In an age when many financial services companies are facing strong revenue headwinds, Northern Trust is quietly continuing to improve its position in the market. At the Chicago-based custody, asset servicing and asset management company, which has $704 billion in assets under management and $4.6 trillion in assets under custody, business certainly is growing. And the technology organization that serves the firm's customers and approximately 14,000 employees is keeping pace.
"We have continued to grow through this business and economic cycle," says Scott Murray, EVP and CTO at Northern Trust. "As we have continued to grow as a bank, we are making investments in growing client capabilities. Technology is of strategic importance to servicing our clients."
While many of Murray's peers at other Wall Street firms are struggling to find ways to do more with less, Northern Trust has actually upped its technology expenditure to a little more than $600 million per year, according to Murray, whose responsibilities include overseeing application development, support, technology infrastructure and the architecture innovation functions bankwide. Currently, Murray is responsible for a technology team of around 2,700, which includes a mixture of internal staff and contractors.
But a growing technology budget doesn't automatically equal success, Murray acknowledges. To be sure, it does make things a little easier, but determining where, how and on what to focus is always a challenge at a company as large as Northern Trust. For instance, Murray relates, customers and Northern Trust's employees now routinely expect 24/7 real-time access across many applications, mobile devices are permeating all parts of the business, and data management challenges continue to grow as big data brings more sophisticated anaytics into the financial services space.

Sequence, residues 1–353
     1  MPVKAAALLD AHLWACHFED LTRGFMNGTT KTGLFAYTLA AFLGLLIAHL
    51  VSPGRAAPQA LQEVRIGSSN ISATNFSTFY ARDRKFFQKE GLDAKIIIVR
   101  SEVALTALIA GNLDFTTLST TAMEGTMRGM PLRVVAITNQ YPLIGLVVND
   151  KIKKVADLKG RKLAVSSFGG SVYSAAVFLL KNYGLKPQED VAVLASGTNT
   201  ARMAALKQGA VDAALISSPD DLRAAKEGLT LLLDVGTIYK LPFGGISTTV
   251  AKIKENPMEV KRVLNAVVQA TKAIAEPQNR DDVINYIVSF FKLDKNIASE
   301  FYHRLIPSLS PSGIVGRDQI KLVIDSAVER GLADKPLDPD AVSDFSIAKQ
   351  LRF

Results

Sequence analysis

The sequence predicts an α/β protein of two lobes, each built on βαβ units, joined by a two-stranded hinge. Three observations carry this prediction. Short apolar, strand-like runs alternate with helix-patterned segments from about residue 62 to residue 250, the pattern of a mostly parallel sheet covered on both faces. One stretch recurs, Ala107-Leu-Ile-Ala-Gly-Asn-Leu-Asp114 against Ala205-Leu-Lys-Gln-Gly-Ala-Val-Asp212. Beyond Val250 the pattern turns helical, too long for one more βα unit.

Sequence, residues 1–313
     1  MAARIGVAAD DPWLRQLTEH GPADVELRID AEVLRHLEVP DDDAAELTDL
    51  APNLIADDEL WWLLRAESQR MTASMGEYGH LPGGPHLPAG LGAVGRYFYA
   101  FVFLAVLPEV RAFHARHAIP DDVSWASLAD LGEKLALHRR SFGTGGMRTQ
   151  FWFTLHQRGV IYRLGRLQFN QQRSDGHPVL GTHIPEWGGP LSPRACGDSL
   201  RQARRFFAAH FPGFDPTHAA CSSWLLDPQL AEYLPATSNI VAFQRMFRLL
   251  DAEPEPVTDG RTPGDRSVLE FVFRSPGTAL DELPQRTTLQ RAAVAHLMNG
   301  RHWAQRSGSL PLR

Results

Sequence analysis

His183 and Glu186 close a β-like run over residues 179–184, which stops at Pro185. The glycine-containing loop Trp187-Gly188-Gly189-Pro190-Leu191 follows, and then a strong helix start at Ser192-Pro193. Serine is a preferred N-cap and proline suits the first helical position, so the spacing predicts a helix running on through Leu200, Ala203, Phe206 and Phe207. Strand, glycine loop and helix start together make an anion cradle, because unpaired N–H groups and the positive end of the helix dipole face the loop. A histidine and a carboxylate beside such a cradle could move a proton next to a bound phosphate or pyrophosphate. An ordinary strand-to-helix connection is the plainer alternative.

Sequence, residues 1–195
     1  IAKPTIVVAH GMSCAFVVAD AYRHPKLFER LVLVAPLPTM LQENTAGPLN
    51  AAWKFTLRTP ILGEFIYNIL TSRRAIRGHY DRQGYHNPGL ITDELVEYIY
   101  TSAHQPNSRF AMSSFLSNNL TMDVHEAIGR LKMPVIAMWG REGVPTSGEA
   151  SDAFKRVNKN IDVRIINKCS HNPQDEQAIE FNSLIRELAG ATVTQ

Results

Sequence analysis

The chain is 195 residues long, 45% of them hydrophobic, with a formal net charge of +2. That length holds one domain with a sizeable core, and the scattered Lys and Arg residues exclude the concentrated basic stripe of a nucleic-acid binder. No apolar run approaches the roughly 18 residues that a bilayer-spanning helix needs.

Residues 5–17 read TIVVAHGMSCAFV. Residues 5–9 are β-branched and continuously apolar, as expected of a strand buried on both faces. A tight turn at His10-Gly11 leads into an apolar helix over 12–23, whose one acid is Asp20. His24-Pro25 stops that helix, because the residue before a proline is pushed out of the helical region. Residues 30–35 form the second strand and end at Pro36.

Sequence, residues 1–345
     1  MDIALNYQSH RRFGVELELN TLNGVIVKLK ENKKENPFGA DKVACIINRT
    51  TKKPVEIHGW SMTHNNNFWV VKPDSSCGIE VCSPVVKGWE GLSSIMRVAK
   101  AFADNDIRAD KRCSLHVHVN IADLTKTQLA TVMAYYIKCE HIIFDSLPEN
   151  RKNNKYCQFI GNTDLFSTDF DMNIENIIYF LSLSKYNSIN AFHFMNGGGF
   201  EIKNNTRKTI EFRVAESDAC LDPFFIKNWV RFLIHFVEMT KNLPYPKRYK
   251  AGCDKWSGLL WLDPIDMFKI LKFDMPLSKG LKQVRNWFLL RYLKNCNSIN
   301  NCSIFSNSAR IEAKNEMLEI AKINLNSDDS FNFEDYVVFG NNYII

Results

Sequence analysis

When it comes to managing data, Northern Trust started an effort a number of years ago to modernize its own data centers and set up a private cloud infrastructure. "We run our own data centers and believe in doing that as part of our client service capabilities," says Murray, who joined Northern Trust from JPMorgan in July 2011. "We have run our own private cloud for many years. We believe in scalability and capacity for our clients. At this point we are focused on maximizing our private cloud."
One benefit of running its own data centers is that the bank has been able to standardize technology across the organization, resulting in savings, Murray reports. "Early on, we invested in modernizing our data centers and adopting standardized infrastructure," he says, noting that the private cloud and standard infrastructure have allowed the bank to focus more resources on new development and client service rather than on maintenance.
In addition, Northern Trust's private cloud and standardized infrastructure help it provide more data management capabilities to clients, Murray says. "In the asset servicing business, we have been able to combine client data and Northern Trust data to generate performance information that clients can't get anywhere else," he explains, adding that this use of big data technology will likely expand as technology improves.
"We believe that big data -- client data along with our data -- will be turned into actionable intelligence," Murray continues. "The technologies around big data are improving, and the ability to deliver useful information to clients is a competitive advantage. We have invested in big data computing appliances in order to give clients faster access to information." Murray declines to name the big data appliance provider.
Continually improving Northern Trust's ability to deliver information to clients also is seen as a competitive advantage at the firm. "We see the world moving to a real-time basis, rather than overnight processing," Murray says. "For our clients, being agile and having a speed-to-market advantage are important. We have reporting tools that can provide customized data that will get information to our clients faster. That is important."
Greg MacSweeney is editorial director of InformationWeek Financial Services, whose brands include Wall Street & Technology, Bank Systems & Technology, Advanced Trading, and Insurance & Technology. View Full Bio